About this book
In transfusion medicine the scientific fundamentals of immunology have had a considerable clinical impact. Transfusion may suppress the immunity but some patients could suffer disadvantages including GvHD, alloimmunisation and possible cancer, where white cells (WBC) play pivotal roles in this phenomenon, presenting antigens and producing cytokines. A clinical application of this practice is LAK-cells targeted against cancer. MHC on the WBC may provide additional immunological modulations through series of secondary messengers. Thus reduction of WBC in the blood and bone marrow may be advantageous for patients. On the other hand, sharing a part of MHC or making the transplanted white cells anergic by storage may be even more advantageous for patients. CMV infection could mimic part of this MHC.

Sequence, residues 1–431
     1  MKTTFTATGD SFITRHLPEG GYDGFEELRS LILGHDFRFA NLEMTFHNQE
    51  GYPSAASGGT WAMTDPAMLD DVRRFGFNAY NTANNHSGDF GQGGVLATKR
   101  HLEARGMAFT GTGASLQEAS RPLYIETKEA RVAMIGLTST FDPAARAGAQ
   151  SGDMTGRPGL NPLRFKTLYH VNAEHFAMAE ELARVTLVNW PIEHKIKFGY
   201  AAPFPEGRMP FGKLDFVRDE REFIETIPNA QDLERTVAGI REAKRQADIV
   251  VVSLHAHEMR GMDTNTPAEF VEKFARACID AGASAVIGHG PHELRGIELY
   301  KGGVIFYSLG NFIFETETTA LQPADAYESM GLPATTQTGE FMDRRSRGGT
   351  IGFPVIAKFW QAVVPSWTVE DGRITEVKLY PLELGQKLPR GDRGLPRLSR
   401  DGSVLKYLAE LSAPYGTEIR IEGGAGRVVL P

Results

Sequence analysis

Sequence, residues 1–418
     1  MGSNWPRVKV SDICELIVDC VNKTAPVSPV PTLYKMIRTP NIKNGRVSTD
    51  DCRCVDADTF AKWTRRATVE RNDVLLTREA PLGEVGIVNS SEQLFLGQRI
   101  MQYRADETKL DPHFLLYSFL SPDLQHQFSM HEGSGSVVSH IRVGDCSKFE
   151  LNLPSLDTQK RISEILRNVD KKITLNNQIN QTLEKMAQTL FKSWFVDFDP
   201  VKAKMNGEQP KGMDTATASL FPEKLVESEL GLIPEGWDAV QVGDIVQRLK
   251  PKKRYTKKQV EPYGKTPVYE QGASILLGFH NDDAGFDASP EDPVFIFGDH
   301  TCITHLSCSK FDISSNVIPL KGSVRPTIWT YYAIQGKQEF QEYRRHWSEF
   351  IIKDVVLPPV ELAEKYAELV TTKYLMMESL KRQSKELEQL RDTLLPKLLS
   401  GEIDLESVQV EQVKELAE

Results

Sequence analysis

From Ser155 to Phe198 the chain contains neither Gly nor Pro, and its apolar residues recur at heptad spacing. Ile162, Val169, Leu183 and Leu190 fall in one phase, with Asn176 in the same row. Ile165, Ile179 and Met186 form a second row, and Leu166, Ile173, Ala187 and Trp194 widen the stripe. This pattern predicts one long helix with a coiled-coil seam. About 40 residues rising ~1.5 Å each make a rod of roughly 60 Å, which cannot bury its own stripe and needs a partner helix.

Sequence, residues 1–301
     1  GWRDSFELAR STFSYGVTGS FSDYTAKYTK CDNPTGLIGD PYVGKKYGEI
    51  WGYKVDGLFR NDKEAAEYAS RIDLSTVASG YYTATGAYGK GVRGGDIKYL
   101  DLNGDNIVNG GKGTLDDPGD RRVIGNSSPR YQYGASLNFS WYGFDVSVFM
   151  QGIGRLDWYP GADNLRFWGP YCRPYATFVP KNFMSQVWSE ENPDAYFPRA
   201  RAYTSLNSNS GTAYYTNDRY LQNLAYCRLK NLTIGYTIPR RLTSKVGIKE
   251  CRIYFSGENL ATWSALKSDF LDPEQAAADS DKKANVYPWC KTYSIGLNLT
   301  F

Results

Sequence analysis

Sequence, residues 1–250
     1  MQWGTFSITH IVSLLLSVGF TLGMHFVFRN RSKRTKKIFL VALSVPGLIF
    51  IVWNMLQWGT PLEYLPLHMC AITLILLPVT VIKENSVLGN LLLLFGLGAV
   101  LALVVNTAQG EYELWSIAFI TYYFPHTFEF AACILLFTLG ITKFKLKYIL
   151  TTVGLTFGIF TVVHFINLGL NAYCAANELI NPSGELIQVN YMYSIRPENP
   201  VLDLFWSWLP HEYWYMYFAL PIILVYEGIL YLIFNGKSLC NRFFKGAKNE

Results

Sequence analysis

UV radiation is effective in the inactivation of the WBC although filters are easy means for such removal. However, their accurate quantification requires flow cytometry that has considerable potential application in blood transfusions. Idiotypic antibody could play an important role in platelet theory. However, the potential infection risks in transfusion like HIV and HCV remain, but application of molecular biological methods like PCR or RT/PCR has great potentials in detection of infectious diseases, transplantation and genetic disorders. Immuno affinity purified concentrates, like factor IX and protein C, could reduce patients' immune functions, where in the future protein C could be derived from transgenic animals. Advances are sure to emerge through adoptive immunotherapy and gene therapies are exciting prospects when genes transferred into lymphocytes could be used to correct cell mediated immune deficiency, as in ADA.
Antigen HIV Laboratory gene therapy infectious disease transplantation
Kluwer Academic Publishers 1993
Springer, Boston, MA
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